Brixton Arches traders appeal for your help

The former A&C Deli on Atlantic Road, now the home of the Brixton Pound

The former A&C Deli on Atlantic Road, now the home of the Brixton Pound

Traders fighting to save their businesses in Brixton’s railway arches are appealing to supporters to object to Network Rail’s planning application which would allow the company to make the changes it wants.

You can comment on the application online. Your comments can only be taken into account if they address certain issues. See end of post for a list.

The application to Lambeth council has not been approved, yet Network Rail has already given its smaller tenants until August to get out.

The traders expressed frustration at the lack of information and written agreements, fearing that Network Rail could easily go back on a promise to let them return – but with higher rents.

“There is only one legal document that we have received from Network Rail,” said Malek Menad, director at Denmay Fabrics. “There’s no documents about our new lease, as they promised us.”

H&T Pawnbrokers are not included in the eviction, but declined to comment further. It is thought that betting shop William Hill are also not included.

This exception sparked outrage among other traders.

Ray Murphy, owner of Budget Carpets, expressed incredulity at the news: “The most morally decrepit businesses, the ones that leech off the poor, are the ones that are staying in the Railway Arches?”

“It’s all about the money,” he said.

Traders are now considering their next moves and will meet next week to discuss their campaign which has seen Network Rail change its original approach, with an apparent “consultation” and promises that the traders will be able to return.

But the uncertainty its plans have generated have already been a factor in the closure of A&C Deli, a long-time Brixton institution, whose shop is now used by the Brixton Pound.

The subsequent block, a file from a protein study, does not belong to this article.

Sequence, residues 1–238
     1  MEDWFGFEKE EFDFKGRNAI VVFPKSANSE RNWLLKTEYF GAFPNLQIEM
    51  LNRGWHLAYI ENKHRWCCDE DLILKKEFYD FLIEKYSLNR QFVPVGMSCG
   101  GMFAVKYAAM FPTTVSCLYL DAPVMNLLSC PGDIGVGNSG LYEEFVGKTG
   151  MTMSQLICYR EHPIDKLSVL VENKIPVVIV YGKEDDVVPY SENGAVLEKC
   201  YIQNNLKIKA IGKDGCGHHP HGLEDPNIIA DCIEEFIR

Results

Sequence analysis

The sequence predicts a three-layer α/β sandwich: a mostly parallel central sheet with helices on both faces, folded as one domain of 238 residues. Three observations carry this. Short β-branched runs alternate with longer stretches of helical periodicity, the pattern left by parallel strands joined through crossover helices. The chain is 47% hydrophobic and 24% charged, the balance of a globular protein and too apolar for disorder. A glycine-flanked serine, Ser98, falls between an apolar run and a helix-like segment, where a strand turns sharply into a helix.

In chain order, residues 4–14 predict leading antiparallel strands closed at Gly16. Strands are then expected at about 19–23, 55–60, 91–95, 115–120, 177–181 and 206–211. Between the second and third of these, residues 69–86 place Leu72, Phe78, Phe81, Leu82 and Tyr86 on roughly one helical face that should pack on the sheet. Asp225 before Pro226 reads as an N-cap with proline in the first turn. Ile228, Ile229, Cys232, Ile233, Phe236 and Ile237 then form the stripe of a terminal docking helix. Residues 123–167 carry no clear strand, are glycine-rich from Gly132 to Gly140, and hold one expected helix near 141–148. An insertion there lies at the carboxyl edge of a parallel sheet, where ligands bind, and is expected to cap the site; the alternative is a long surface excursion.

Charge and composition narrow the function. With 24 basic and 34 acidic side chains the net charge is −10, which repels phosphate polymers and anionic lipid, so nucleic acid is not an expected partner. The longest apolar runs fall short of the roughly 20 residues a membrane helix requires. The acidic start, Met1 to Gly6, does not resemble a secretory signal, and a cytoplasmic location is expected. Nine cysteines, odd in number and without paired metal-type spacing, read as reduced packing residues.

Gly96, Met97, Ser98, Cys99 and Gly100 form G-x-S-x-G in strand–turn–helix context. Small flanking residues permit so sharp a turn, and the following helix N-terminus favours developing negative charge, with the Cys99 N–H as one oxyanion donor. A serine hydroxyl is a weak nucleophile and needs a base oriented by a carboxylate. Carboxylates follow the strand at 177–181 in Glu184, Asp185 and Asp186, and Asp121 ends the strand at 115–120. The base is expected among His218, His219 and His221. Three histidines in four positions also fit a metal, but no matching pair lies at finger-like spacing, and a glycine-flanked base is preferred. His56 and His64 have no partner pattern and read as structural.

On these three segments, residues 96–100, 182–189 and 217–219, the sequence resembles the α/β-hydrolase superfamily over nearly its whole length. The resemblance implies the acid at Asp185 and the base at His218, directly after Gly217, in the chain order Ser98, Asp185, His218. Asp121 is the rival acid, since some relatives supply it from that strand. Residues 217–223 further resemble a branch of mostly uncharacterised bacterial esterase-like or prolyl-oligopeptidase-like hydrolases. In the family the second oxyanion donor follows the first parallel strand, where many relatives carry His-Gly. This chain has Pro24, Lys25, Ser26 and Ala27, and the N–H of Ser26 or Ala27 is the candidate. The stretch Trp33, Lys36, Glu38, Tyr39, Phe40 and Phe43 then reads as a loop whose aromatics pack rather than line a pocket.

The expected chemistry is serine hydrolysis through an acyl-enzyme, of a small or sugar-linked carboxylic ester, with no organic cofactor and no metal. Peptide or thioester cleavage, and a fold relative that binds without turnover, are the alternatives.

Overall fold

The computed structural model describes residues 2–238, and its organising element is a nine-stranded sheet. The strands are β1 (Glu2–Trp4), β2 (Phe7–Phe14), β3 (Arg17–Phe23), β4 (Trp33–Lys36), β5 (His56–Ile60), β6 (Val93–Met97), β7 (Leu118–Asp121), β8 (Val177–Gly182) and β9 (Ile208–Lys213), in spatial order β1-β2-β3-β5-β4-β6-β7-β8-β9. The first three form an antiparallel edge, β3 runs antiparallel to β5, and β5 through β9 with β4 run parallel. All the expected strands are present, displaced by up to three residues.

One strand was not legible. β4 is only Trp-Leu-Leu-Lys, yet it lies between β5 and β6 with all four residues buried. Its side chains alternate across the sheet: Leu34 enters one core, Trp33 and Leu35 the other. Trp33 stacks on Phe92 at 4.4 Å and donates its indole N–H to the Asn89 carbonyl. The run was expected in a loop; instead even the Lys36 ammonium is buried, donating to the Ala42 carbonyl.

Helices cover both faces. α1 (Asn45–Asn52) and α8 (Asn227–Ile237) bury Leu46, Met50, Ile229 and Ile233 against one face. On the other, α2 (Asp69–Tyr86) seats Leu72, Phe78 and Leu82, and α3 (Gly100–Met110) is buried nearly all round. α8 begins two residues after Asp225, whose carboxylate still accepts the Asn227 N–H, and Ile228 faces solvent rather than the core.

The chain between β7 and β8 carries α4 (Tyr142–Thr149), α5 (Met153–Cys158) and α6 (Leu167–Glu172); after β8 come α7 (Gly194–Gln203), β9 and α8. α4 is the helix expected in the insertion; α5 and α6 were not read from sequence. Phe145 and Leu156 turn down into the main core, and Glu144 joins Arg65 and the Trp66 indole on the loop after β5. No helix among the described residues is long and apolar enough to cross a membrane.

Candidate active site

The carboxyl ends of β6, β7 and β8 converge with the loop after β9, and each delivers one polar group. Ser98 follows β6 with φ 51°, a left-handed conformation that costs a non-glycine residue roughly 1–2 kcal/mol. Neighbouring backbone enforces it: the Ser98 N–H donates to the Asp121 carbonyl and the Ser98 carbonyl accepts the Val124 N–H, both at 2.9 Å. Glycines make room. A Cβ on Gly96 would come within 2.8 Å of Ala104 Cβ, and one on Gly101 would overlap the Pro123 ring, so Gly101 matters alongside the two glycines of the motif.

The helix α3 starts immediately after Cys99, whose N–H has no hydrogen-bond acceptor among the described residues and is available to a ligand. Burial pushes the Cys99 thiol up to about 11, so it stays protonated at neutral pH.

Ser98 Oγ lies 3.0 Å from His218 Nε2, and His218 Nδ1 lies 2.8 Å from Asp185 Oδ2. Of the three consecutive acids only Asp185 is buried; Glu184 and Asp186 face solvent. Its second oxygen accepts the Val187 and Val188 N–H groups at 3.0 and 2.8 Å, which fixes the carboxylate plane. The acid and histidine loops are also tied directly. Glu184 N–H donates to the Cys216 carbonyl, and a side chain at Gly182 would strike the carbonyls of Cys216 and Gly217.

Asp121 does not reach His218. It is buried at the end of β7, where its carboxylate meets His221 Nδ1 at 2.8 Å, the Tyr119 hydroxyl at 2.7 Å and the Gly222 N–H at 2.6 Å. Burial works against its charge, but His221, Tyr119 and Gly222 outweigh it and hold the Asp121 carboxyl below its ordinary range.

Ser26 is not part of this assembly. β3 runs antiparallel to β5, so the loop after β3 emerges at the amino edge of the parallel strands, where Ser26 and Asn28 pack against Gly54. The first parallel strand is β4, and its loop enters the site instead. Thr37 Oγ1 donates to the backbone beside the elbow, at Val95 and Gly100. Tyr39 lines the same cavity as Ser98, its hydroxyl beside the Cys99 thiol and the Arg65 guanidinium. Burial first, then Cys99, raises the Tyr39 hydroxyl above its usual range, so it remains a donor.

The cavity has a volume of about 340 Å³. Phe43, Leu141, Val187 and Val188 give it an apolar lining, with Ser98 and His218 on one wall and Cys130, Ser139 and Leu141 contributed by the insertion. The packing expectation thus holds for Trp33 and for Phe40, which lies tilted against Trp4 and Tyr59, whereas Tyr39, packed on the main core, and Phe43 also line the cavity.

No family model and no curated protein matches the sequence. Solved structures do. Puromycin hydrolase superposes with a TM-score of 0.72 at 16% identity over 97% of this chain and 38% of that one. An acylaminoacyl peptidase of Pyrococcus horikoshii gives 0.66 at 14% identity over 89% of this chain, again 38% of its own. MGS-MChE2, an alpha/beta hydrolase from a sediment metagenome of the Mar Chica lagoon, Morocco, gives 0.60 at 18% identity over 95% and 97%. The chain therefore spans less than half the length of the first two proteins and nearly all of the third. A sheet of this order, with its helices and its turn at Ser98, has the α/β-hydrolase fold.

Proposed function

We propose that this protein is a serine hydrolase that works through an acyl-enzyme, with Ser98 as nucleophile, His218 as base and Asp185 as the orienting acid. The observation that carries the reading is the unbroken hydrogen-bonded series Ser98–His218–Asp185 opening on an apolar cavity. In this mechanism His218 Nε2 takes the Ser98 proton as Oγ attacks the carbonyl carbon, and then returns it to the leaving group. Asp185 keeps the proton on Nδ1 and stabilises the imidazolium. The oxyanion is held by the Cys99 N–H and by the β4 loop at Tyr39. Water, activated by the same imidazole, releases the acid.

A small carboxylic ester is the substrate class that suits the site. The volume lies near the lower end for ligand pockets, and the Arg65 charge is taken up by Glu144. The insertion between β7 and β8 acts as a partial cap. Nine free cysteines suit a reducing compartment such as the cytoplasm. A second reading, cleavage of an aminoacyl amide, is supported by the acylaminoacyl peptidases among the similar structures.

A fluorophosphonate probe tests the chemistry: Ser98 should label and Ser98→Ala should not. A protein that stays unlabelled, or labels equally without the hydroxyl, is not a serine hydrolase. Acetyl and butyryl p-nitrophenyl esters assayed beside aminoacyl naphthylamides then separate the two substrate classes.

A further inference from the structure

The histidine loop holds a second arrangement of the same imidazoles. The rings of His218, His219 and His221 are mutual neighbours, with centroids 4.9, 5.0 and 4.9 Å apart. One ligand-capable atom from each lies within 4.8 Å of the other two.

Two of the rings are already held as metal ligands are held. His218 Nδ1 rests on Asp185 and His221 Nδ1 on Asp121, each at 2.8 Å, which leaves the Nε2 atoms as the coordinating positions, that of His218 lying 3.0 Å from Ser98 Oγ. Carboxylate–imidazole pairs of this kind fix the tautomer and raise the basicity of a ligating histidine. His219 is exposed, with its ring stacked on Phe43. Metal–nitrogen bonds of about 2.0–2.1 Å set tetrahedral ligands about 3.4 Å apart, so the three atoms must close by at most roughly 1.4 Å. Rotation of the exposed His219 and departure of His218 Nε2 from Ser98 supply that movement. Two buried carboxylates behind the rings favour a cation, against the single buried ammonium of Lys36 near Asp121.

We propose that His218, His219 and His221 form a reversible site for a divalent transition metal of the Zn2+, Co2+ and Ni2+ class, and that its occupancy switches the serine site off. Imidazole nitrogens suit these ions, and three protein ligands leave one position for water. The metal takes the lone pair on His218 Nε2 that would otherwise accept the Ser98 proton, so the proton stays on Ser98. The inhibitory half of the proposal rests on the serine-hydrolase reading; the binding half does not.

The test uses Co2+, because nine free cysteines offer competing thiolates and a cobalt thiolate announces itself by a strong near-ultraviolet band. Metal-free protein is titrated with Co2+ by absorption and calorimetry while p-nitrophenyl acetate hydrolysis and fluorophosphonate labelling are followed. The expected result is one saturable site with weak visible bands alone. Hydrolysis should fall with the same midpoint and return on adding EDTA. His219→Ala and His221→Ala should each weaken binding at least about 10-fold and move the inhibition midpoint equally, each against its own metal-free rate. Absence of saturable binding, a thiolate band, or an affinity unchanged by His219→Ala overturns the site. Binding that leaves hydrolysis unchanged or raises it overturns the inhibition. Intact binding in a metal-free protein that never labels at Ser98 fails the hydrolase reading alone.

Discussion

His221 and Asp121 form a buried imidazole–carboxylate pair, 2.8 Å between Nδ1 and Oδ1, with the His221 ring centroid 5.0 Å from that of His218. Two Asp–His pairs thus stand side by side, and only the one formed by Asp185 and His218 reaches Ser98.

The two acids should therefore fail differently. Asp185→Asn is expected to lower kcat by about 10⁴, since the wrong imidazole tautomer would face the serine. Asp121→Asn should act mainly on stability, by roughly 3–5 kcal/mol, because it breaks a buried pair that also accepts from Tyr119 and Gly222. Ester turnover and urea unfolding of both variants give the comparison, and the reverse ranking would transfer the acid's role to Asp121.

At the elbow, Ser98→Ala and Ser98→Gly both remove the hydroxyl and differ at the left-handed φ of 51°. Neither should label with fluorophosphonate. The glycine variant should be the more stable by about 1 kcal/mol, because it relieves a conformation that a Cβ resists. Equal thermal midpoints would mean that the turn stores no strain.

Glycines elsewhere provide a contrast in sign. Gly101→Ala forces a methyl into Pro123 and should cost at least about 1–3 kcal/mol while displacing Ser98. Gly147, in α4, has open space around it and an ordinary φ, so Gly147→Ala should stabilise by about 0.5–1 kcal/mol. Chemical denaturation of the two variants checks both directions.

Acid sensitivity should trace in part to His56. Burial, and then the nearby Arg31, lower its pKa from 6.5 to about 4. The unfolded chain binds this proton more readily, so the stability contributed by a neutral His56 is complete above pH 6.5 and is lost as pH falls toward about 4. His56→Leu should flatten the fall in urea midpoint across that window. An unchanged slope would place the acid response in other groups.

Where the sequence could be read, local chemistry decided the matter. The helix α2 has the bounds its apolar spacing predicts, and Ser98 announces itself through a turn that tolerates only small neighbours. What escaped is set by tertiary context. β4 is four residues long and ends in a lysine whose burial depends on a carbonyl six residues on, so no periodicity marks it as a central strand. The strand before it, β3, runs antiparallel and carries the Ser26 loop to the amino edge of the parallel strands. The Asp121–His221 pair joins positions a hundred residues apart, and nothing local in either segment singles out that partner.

Fishmongers L.S. Mash and Sons have also said that they will have to close if they are evicted, owing to the cost of equipping a new shop.

Some traders, like the Moroccan Cafe and the Brixton Pound, are mobile enough to not depend on their shops, and plan to return once the refurbishment is complete.

Tom Shakhli, general manager at the Brixton Pound, said: “We’ve existed without a shop for years.”

But he added: “We’ve been able to play a very social role in an otherwise commercial area. We want that to continue but it’s going to be difficult to get somewhere that allows us the same visibility.”

He hoped the landlords would preserve the arches as a space benefitting Brixton socially as well as commercially: “I’m adamant that this street should not just be sold to the highest bidder.”

Murphy urged supporters of the traders to publicise the latest move by Network Rail to force the company to act responsibly towards its small tenants and Brixton itself.

Calling the eviction “economic and social cleansing”, he added that the disappearance of the Arches’ tenants could harm Brixton’s appeal to newcomers.

“If you take the heart out of a body then it’s dead isn’t it? They moved here knowing what was there.”

Menad, who moved to Brixton from Algeria 30 years ago, said: “If you remove me from Brixton, I’ll be a foreigner again.”

 

How to object …

To be valid and to be considered by the council’s planning department, objections must be written in a certain way and address specific issues.

Do not include any signatures or personal telephone numbers/email addresses. If they are included. they will removed for information security purposes.

Inappropriate or defamatory comments are likely to be removed.

 

How to make an informed comment

View the plans before you comment.

Keep your comments relevant.

Only comments relating to planning issues can be taken into account.

 

Matters which ARE relevant include:

Impact on local area

Highway matters, traffic access visibility and parking

Provides/removes facilities

Provides/removes housing

Removes an eyesore

Is the application contrary to or following the Local plan or other government policies?

Loss of light

Improves/degrades tourist facilities

Noise created once the development is complete

In keeping/not in keeping with local area

Over development

Privacy/overlooking

Provides/retains jobs

Residential amenity

Sets precedent

Effect on trees and wildlife

 

Matters which are NOT relevant include: